How migrant labourers could impact the industry

Following the exodus of migrant labourers from metro cities during the nation-wide lockdown starting 25 March, which resulted in the loss of jobs for more than 12.2 crore people during April- May 2020, Sanjay Gupta, vice-president, DS Group India, suggests promulgation of stringent laws to protect workers’ rights.

13 Jul 2020 | By PrintWeek Team

Sanjay Gupta, vice-president, DS Group India

As per the Economic Survey (2017), there are approximately 42 crore internal migrant workforce in India, out of the approximately 20% (10 crore) are migrant workers. A study by the Centre for the Study of Developing Societies (CSDS) and Azim Premji University in 2019 estimates that 29% of the population in India’s big cities is of daily wagers. Relatively less developed states, such as Bihar and Uttar Pradesh have high net immigration. Uttar Pradesh and Bihar account for the origin of 25% and 14% of the total inter-state migrants, followed by Rajasthan and Madhya Pradesh, at 6% and 5% respectively.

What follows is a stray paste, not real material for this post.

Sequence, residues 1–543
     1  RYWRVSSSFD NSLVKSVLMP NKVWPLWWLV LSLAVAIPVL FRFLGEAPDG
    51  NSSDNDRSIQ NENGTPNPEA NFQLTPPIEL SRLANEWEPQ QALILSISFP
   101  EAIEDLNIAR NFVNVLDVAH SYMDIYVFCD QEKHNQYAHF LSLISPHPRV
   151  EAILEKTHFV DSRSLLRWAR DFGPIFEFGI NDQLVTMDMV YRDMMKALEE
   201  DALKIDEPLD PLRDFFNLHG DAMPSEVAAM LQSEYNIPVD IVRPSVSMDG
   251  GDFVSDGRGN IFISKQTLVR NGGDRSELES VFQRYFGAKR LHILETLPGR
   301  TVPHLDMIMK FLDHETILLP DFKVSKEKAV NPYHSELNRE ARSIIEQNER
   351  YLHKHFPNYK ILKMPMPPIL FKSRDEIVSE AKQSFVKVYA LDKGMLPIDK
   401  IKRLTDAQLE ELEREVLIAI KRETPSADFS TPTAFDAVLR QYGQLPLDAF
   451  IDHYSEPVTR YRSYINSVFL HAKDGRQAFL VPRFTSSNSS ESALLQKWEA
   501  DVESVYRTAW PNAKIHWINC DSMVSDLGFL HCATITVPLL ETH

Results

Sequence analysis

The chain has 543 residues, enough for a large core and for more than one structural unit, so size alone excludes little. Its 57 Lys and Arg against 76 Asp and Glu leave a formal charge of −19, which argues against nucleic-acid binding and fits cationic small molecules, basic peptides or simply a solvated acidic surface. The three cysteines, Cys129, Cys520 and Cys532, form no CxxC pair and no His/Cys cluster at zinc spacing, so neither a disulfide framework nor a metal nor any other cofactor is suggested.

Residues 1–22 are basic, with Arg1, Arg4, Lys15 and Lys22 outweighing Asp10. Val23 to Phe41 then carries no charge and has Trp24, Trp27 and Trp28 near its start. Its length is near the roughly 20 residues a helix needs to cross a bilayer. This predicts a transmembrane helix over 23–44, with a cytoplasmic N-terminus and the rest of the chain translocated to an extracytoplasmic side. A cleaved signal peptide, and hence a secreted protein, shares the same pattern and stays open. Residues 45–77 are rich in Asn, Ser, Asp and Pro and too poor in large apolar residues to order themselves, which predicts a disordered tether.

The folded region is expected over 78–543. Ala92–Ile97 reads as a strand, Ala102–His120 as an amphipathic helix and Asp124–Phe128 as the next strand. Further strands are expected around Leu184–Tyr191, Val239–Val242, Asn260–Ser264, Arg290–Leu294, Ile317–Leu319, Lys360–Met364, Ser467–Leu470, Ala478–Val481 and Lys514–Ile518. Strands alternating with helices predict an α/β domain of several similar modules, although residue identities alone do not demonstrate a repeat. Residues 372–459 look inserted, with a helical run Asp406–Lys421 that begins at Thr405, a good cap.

There are three types of migrant workers:

1. Permanent migrants

2. Seasonal migrant

3. Casual migrant  


There had been a status quo in last seven decades (since 1950) for migrant labours as they were not on Indian social-economic-political landscape. It is estimated that there was a mass migration of around 1.5 crore people during the 1947 division but this time, it is at a much larger scale (at least five-six times higher). As they have no savings, no homes, no dwellings, no resources of long-term living, they had to go through immense hardship. Practically, they are nobody’s children; they are neither here nor there. There is no state or central registry for compiling their data.

The governments in India clearly have no systematic understanding of their existence and scale. As they migrated, neither native politician nor migrated politicians are interested in their welfare as they do not vote anywhere. This is one of the core reasons no one, central/ state/ local bodies thought for their welfare before lockdown and it took a sizeable 40 days to start first Shramik train.